By Jasmine Berry
We’ve been hearing it all over the news. Fiscal Cliff. Sequestration. Expiring cuts. And for the past few weeks, President Obama and House Speaker John Boehner have been trying to come to an agreement on how the nation should be taxed and where the government should cut spending. The two met Monday at the White House for their third meeting in the past five days. Little progress has been made since discussion on the fiscal cliff began, but it seems things are finally picking up as the December 31st deadline to reach a deal looms closer and closer.
Sequestration is defined as the automatic, across-the-board cancellation of budgetary resources. Enacted as part of the Budget Control Act of 2011, Sequestration was enacted in effort to cut overall federal spending in absence of Congressional consensus on deficit reduction, and following the failure of the bipartisan, bicameral super committee. If a compromise isn’t reached by the year’s end, automatic federal budget cuts totaling $1.2 trillion will begin on January 2, 2013, and end seven years later.
So what would going over the fiscal cliff mean for education and public schools? Here are some of the major ways sequestration could affect public schools:
- Federal cuts to education could total an estimated amount of $3.5 billion to $4.1 billion.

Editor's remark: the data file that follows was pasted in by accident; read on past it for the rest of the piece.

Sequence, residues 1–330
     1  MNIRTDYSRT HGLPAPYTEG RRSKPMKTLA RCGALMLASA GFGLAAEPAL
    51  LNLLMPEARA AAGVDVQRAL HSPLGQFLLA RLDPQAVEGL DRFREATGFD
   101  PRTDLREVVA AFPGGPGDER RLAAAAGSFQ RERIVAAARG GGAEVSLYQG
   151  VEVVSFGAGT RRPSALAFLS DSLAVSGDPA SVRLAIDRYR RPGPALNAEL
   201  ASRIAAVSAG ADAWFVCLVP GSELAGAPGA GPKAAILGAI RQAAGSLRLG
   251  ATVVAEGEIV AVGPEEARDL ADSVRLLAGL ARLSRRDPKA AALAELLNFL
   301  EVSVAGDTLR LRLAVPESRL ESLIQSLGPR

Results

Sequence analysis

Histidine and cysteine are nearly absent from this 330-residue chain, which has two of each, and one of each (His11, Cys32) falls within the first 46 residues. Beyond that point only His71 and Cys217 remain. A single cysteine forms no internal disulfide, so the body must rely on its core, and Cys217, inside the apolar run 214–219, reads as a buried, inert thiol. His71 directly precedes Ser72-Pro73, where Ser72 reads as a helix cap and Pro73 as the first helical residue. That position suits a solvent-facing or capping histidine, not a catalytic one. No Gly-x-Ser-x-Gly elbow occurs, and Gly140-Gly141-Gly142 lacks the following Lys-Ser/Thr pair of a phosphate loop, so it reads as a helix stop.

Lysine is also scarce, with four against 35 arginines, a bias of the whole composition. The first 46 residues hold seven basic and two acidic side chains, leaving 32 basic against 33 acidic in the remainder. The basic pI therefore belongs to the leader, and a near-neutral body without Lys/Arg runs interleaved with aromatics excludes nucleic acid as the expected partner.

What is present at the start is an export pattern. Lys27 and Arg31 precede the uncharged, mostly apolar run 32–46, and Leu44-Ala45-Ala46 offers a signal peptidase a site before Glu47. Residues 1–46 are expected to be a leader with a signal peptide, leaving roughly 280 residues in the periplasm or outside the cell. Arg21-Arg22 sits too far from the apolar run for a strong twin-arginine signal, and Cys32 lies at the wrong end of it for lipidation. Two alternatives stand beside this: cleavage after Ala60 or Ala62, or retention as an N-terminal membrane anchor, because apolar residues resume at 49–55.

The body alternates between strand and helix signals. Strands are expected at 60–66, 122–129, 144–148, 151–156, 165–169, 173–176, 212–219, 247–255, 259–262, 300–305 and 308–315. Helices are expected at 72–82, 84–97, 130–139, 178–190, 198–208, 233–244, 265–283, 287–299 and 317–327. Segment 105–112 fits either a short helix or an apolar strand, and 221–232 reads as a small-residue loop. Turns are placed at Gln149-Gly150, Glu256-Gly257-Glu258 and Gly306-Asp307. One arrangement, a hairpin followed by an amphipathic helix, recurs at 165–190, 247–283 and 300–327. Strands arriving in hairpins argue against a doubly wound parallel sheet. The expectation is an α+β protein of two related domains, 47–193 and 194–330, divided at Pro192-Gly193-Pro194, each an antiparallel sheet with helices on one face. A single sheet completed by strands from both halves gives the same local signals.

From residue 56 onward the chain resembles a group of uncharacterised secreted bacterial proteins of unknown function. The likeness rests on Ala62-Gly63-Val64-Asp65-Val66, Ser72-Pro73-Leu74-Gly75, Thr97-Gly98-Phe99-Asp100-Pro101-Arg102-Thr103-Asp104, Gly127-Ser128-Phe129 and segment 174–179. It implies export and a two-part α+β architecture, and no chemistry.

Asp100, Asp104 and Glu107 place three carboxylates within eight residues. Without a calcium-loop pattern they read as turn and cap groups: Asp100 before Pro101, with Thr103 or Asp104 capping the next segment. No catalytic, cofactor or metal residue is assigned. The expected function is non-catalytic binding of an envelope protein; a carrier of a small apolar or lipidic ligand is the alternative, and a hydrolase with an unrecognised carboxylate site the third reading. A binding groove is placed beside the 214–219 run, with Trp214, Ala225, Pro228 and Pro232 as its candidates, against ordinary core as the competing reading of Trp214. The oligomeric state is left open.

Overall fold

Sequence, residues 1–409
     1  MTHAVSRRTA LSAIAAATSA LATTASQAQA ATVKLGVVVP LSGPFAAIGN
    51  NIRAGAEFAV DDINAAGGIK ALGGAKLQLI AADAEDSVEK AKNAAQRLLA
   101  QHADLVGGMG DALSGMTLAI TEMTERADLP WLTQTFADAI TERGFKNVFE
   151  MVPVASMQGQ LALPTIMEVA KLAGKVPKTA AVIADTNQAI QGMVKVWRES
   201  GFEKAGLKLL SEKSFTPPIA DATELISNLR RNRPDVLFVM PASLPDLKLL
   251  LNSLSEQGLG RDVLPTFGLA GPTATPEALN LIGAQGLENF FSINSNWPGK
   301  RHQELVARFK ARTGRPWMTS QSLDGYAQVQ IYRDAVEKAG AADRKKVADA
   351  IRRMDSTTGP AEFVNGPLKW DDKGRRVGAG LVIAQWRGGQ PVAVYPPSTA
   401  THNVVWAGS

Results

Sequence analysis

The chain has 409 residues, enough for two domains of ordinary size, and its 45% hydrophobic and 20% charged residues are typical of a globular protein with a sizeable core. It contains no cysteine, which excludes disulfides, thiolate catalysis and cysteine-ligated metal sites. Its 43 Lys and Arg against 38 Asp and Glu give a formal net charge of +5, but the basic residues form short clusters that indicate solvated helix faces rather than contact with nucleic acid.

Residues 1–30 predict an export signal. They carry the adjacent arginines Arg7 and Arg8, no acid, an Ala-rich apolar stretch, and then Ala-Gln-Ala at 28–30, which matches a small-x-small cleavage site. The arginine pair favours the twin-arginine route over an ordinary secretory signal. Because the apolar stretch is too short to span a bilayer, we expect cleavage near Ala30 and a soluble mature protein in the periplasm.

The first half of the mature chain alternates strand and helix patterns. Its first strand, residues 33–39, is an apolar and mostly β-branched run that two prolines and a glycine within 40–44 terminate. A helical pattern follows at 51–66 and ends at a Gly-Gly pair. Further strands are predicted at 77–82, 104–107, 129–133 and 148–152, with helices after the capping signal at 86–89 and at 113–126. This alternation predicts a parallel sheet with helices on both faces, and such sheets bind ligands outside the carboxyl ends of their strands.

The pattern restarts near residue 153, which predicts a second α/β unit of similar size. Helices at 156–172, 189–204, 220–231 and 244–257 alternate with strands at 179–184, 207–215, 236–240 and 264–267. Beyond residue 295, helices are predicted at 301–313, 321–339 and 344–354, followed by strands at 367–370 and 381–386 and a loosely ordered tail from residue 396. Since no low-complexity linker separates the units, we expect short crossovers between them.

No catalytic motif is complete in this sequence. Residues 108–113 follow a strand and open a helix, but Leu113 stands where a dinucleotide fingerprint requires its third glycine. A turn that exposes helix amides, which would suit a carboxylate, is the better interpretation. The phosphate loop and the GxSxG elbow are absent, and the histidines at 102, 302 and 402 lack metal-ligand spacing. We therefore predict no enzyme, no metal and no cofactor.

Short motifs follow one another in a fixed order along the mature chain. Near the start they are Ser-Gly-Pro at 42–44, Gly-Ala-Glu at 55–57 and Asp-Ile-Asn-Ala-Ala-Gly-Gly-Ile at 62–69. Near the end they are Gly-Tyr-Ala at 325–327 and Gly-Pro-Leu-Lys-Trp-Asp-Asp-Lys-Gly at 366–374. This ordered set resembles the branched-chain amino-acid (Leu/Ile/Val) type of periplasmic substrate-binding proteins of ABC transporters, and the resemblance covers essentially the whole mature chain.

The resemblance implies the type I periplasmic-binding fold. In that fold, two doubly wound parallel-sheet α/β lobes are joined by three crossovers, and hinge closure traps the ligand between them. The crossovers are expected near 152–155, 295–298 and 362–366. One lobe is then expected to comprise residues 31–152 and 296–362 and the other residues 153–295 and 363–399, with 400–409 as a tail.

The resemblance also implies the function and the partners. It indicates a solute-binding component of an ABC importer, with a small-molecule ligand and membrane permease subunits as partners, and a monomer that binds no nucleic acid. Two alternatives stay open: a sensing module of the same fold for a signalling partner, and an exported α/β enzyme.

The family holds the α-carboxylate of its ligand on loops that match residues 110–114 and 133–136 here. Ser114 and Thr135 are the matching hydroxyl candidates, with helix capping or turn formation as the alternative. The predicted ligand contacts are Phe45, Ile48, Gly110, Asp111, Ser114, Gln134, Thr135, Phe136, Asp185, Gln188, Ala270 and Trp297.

- An estimated $1.2 billion cut to Title I grants for disadvantaged students—which means the potential loss of more than 16,000 teachers and aides, as well as denying funding to nearly 4,000 schools serving more than 1.6 million disadvantaged students.
- A $900 million cut to special education under the Individuals With Disabilities Education Act for the 2013-2014 school year. This cut to special education funding could mean the loss of 10,000 special education teachers, aides, and other staff providing support to children with disabilities.
- These cuts will cause class sizes to be increased, programs reduced, services eliminated and jobs lost.
- Education funding would drop to pre-2003 levels, although 5.4 million more students have enrolled in public schools and K-12 education costs have increased by 25 percent according to the National Education Association.
Here are some resources to learn more about the potential impact of the fiscal cliff and sequestration on our economy and education:
What is Sequestration? (PTA)
What the fiscal cliff means for local DC (Capital Community News)
The fiscal cliff in graphs and GIFs (Washington Post)
What is the fiscal cliff? (Council on Foreign Relations)
Sequestration cheat sheet (Brustein & Manasevit, PLLC)